Requirements for endorsement

The assessment of businesses by endorsing bodies is a comprehensive process that focuses on three key aspects: innovation, viability, and scalability. For an applicant to succeed in this evaluation, they must demonstrate a unique and original business plan that addresses market needs, offers a competitive advantage, and cannot be easily replicated. Innovation is the most challenging requirement and it must be a core element of the business. The Home Office advises that generic businesses with supplementary innovation (taxi or cleaning company with an app, for example) will not qualify for endorsement.

The applicant must also prove their ability to effectively run the business, possessing the necessary skills, knowledge, and resources to make their business plan realistic and achievable. This is the viability requirement. The applicant must also evidence that the business will work, that there is credible demand and that the financial projections are justified.  

Lastly, the business must exhibit potential for growth, with structured planning and the capacity to create high-quality jobs and expand into national and international markets. By clearly satisfying these criteria and providing research evidence to support their claims, applicants improve their chances of obtaining endorsement.

Business plan

Given the above, a meticulously researched and well-structured business plan is crucial. It is recommended that applicants include separate sections in their business plan addressing innovation, viability, and scalability, with the following details:

  • Describe the business’s unique selling point and innovative nature. Explain the new or existing market needs the business aim to meet and how the business addresses these needs.
  • Explain the competitive advantages the business offers and how they will contribute to your business’s success.
  • Explain how the applicant has or is developing, the necessary skills, knowledge, experience, and market awareness to successfully manage the business.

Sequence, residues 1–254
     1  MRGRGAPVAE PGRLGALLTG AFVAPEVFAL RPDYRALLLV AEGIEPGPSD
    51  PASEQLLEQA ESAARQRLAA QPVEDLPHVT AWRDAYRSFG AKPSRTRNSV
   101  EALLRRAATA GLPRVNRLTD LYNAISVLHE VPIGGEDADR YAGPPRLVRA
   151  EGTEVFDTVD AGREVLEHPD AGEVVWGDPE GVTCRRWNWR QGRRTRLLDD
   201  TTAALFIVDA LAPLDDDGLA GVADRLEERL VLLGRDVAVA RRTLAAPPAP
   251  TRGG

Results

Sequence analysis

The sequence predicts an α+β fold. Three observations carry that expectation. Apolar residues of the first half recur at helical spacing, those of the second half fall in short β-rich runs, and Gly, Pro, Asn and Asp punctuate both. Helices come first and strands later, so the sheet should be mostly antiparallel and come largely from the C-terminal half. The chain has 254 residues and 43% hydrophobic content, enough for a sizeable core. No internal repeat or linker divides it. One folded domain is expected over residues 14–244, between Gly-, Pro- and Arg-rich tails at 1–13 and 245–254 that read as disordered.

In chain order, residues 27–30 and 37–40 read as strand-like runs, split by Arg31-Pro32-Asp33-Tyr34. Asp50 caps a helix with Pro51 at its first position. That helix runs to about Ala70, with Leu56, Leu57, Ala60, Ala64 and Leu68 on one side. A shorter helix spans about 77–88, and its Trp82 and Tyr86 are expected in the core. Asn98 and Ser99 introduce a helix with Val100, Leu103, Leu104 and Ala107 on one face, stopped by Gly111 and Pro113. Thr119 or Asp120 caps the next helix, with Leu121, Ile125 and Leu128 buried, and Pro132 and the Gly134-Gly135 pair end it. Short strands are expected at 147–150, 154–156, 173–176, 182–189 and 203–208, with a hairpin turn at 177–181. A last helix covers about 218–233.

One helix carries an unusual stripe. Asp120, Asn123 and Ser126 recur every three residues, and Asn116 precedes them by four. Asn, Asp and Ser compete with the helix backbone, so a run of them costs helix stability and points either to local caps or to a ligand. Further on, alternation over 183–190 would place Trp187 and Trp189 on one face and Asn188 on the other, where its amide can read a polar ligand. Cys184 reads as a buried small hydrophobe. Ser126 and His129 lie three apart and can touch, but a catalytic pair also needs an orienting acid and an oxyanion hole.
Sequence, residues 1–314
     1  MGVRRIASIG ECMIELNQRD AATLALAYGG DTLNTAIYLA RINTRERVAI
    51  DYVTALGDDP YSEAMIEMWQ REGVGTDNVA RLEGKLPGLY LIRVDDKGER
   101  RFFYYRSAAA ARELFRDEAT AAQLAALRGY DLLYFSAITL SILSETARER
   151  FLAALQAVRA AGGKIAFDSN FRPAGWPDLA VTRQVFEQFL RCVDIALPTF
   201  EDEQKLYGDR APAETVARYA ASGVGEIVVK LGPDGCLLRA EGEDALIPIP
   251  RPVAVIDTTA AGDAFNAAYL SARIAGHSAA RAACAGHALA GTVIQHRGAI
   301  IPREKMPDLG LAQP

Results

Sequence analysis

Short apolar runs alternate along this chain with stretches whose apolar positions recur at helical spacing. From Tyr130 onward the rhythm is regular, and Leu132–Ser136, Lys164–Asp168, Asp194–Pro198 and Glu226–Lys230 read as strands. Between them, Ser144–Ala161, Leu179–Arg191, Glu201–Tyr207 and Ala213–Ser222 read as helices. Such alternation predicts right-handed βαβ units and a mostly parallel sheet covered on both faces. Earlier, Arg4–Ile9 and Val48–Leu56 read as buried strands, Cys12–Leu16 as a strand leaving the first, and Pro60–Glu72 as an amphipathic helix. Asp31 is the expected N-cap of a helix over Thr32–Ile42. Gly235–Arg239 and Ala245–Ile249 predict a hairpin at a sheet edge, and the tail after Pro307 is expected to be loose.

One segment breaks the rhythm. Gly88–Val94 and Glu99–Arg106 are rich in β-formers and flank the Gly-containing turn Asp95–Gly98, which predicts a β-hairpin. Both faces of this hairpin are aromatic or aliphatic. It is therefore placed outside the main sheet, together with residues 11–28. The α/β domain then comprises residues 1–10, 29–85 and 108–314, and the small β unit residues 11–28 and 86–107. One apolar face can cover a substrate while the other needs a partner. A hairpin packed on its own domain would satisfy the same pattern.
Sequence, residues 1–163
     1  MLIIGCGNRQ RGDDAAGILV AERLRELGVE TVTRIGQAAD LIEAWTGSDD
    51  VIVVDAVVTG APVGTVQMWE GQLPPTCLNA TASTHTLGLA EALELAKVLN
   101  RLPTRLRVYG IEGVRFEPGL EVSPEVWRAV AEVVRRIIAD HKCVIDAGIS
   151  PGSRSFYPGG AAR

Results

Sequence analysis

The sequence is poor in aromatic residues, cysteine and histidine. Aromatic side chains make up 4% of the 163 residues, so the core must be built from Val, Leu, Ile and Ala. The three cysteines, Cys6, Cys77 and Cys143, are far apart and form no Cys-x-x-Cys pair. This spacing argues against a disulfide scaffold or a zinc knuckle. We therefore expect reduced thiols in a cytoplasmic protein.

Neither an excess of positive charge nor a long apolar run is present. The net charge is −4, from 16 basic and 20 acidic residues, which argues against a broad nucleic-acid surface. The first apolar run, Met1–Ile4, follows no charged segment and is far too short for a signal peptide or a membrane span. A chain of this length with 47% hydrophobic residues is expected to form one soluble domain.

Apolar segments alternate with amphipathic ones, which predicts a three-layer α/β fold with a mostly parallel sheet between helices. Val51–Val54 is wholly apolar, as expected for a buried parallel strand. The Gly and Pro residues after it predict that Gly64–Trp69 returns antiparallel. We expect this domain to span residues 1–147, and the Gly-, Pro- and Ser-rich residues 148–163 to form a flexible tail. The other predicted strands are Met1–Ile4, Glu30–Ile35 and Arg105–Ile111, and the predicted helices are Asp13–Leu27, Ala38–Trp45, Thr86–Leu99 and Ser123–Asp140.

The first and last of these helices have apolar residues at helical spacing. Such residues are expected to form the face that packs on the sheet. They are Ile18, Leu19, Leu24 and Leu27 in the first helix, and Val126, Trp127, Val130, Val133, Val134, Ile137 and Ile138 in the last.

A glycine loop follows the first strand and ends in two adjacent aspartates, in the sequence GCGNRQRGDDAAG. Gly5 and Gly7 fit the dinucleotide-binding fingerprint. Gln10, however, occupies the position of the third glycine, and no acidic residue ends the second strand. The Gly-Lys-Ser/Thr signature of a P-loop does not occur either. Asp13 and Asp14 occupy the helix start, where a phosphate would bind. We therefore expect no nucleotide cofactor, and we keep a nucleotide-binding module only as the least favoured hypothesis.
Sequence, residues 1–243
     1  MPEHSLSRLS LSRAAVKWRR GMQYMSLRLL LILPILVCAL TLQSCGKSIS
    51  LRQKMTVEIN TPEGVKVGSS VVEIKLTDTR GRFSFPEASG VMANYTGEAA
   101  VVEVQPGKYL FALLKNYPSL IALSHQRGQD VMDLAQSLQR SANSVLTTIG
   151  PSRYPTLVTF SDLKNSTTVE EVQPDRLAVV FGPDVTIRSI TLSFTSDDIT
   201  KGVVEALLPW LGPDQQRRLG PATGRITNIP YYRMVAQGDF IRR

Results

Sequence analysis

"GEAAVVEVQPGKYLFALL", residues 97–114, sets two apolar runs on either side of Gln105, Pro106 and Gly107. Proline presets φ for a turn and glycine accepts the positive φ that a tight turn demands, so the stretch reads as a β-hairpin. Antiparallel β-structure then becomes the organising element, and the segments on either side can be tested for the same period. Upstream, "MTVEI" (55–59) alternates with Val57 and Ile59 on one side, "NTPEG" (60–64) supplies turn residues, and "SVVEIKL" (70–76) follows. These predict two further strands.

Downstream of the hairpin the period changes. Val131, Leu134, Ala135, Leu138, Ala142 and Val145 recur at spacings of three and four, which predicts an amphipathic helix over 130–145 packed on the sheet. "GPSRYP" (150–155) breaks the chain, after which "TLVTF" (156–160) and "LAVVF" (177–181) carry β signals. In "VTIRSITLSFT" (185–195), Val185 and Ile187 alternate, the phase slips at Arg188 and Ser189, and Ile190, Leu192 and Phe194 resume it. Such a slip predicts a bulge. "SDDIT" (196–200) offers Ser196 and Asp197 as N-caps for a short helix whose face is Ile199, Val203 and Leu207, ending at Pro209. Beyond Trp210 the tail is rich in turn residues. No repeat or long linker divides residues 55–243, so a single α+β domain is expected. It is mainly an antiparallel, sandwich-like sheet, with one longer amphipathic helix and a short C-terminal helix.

• Develop a plan detailing the business’s projected growth, potential job creation, and expansion into national and international markets. A visual timeline would be beneficial.

The business plan should also discuss intellectual property, including listing any existing, pending, or anticipated intellectual property filings in the UK and any aspects of services that may be considered trade secrets.

Research and development activities should be outlined, including any activities, what outcomes are expect from future research and development efforts and analysis of research and development endeavours of both the business and others in the industry.


Upon finalising the business plan and supporting documentation, applicants will submit them to the endorsing body, which will then review the materials and interview the applicant. The interviews can be challenging, as the endorsing body seeks to ensure the applicant thoroughly understands the business plan and financials.

If they do not or the plan appears not to be the applicant’s own work, the endorsing body may refuse to issue a letter of endorsement. Alternatively, they may request that the applicant return with a more developed plan. The interview process is often likened to defending a thesis as part of a PhD, as the applicant, business plan, and financials undergo rigorous examination.